Local is lekker: Baidu and Yandex control local search marketsPosted 11 August 2011 by Sandy Cosser
Google is often considered omnipotent – at least in countries where English is the lingua franca. But despite its mammoth reputation it is not the final word in search engines. Baidu, China’s search engine of choice, has many, many more users, offers a range of services to rival (if not surpass) Google’s and is growing at an impressive rate of knots. Yandex is Russia’s home grown search engine and like Baidu, is growing faster than you can say search traffic.
One of the interesting things about Baidu and Yandex, and there are a lot of interesting things about them, is that they both offer English search services. Obviously, both specialise in the languages of their home countries – both make allowances for the nuances and phonetic requirements of their languages – but they also make English their business. Baidu receives an estimated 10 million English searches per day.
Google’s algorithm, for all its sophistication, hasn’t been able to crack the intricacies that make Russian and Chinese searches so darn difficult.
Does this give Baidu and Yandex an edge over Google?
It certainly does in China and Russia, but Google’s hold on the English-speaking world at large is so tight that it’s not even close to being threatened.
From humble beginnings
Baidu’s beginnings are rather poetic. According to the official Baidu website, it was founded in 2000 by Robin Li, who got the name after being inspired by a poem written during the Song Dynasty, which was over 800 years ago. The website says, “The poem compares the search for a retreating beauty amid chaotic glamour with the search for one’s dream while confronted by life’s many obstacles.”
Search is at Baidu’s core, but is by no means its only purpose. Like Google it has News, Maps, Images and Video features. It also has an encyclopaedia, online community and knowledge-sharing platforms, a social network in Baidu Space, MP3 search, Japanese search, and government information search (for what it’s worth), as well as loads of other features. It even has its own version of PPC, called P4P (pay for placement), has just released its very own web browser and recently partnered with BMW to incorporate its search services into the company’s onboard vehicle systems.
Then there is the rumoured impending partnership with Facebook, not to mention the recent partnership with Bing.
Within the 11 years of its existence, it has grown to become the most used search engine in the world. Consider for a moment that the majority of China’s rural population still doesn’t have proper access to the internet. Now consider that Baidu has plans to bring the internet to that market. Is it any surprise that its growth rate is phenomenal and that its advertising revenue is seeing exponential returns?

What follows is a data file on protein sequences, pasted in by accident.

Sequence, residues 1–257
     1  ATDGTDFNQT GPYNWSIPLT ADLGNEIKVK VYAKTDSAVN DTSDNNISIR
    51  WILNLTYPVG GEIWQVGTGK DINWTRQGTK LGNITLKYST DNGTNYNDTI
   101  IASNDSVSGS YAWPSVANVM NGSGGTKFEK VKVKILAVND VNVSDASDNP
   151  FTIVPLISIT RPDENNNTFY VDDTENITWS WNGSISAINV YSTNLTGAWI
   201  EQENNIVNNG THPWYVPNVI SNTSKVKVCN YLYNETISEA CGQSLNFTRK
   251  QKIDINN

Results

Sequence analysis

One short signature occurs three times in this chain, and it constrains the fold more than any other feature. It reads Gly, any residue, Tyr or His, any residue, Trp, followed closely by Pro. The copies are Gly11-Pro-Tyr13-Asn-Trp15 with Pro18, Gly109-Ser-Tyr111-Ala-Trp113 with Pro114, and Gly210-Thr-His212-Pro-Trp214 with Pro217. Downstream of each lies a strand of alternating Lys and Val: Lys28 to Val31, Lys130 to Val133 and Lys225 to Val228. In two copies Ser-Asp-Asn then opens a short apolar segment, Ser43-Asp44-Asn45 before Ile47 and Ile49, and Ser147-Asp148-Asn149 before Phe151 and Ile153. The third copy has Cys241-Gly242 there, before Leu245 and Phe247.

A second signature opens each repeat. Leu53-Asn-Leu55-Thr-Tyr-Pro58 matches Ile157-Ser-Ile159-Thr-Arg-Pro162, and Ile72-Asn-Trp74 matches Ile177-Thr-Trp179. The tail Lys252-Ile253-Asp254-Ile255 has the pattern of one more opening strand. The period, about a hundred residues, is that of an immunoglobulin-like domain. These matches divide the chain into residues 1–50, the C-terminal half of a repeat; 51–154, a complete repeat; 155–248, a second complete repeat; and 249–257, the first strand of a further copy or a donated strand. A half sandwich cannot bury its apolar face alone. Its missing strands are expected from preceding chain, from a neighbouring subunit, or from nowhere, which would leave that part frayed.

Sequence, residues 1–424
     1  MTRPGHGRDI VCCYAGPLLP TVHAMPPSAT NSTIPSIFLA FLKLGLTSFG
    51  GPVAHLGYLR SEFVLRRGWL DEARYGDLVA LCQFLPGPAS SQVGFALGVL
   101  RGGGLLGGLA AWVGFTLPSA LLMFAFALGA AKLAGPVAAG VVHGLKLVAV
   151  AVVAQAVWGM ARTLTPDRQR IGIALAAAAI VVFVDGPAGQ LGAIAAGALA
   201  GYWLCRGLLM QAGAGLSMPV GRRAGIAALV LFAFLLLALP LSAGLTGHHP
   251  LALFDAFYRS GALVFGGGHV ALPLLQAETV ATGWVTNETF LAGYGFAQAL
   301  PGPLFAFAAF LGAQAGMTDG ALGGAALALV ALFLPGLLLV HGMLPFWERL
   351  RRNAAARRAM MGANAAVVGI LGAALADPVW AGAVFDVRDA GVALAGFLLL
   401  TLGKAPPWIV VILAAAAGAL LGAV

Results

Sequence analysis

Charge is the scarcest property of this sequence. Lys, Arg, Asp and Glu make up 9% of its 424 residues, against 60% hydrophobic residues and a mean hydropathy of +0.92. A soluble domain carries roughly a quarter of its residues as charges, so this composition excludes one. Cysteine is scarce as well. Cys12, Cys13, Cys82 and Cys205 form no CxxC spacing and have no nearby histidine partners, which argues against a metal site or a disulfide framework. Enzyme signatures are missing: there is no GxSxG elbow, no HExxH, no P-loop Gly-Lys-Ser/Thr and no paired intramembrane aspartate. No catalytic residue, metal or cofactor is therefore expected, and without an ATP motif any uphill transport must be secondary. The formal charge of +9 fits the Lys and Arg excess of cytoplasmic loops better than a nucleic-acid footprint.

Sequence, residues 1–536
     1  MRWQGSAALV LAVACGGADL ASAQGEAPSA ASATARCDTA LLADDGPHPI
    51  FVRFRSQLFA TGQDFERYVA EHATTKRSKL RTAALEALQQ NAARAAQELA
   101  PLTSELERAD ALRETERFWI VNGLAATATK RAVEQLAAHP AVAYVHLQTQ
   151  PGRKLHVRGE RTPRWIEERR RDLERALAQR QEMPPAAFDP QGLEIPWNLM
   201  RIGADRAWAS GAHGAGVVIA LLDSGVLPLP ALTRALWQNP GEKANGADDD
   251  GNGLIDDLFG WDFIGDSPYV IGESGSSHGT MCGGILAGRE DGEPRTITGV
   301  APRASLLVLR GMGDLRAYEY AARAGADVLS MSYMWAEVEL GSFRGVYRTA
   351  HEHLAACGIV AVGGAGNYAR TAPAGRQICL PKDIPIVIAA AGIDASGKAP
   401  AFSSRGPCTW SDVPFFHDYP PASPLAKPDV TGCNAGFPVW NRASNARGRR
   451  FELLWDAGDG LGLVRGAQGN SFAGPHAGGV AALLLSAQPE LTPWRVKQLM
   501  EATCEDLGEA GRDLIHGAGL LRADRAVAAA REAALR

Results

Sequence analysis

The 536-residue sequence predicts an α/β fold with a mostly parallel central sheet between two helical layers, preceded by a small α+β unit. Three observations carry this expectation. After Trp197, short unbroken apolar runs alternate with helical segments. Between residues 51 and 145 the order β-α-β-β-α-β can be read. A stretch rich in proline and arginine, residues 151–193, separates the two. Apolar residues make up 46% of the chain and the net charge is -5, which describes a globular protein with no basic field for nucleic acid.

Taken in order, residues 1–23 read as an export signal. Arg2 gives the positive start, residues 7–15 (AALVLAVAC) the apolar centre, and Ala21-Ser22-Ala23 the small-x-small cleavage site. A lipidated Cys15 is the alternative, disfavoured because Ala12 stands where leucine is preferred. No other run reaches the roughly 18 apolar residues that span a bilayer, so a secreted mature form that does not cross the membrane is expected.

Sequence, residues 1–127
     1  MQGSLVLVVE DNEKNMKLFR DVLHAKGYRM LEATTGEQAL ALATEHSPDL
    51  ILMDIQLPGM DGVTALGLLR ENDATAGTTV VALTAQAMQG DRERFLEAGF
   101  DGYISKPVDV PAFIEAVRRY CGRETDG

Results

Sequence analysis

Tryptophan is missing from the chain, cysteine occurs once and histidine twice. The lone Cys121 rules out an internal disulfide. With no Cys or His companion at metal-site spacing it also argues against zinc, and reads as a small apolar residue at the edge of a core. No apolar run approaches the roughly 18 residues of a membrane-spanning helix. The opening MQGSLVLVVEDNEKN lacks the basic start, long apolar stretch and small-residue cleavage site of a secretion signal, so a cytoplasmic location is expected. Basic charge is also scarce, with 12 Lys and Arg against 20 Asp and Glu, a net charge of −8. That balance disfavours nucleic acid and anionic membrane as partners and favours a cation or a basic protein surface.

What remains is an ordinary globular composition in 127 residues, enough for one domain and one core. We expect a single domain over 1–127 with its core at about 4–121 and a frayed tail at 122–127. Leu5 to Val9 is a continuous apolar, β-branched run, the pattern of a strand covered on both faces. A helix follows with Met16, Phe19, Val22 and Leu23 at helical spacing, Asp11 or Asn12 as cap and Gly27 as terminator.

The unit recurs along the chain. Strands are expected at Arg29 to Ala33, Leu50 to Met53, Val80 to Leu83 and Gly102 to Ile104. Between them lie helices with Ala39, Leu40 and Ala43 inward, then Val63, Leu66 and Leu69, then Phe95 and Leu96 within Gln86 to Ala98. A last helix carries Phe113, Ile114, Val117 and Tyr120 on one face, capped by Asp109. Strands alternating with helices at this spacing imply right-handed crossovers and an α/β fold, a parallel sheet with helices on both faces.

Yandex is the most popular website in Russia and, with roughly 56 million users internationally, is the 8th biggest search engine in the world. Officially, Yandex was launched as a standalone company in 2000, which is makes it as old as Baidu. The difference is that it’s been going in some form or another since 1993, which was when Arkady Volozh and Ilya Segalovich first developed their unique search technology. Yandex is said to stand for Yet Another iNDEX, which I think is rather witty. Like Baidu it has its own social network and music player. Like Google it has a maps feature and a special Yandex Labs outfit (or at least, like Google had). It has real-time search capabilities, traffic reports and a Start Programme, which seeks out new start-ups and helps them develop.
Like Baidu and Google, it has a paid online marketing feature and is listed on the NASDAQ.
According to the official Yandex website, in March this year it received 38.3 million unique visitors. It has also extended its services into Belarus, Kazakhstan and the Ukraine. As of July this year Yandex started providing its selection of webmaster tools in English.
So, once again, do Baidu and Yandex pose a threat to Google?
No, but if Yandex continues to increase its focus on English it has the potential, however miniscule, to make Google look over its shoulder.
(Image by bfishadow, CC by 2.0, via Flickr)